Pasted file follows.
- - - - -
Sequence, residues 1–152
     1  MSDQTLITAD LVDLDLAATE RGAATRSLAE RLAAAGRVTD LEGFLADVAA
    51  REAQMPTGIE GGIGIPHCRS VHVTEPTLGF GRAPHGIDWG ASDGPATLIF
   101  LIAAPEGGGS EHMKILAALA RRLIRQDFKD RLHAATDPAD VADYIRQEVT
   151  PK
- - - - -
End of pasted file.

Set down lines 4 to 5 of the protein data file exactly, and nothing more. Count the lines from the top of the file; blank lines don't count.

   101  LIAAPEGGGS EHMKILAALA RRLIRQDFKD RLHAATDPAD VADYIRQEVT
   151  PK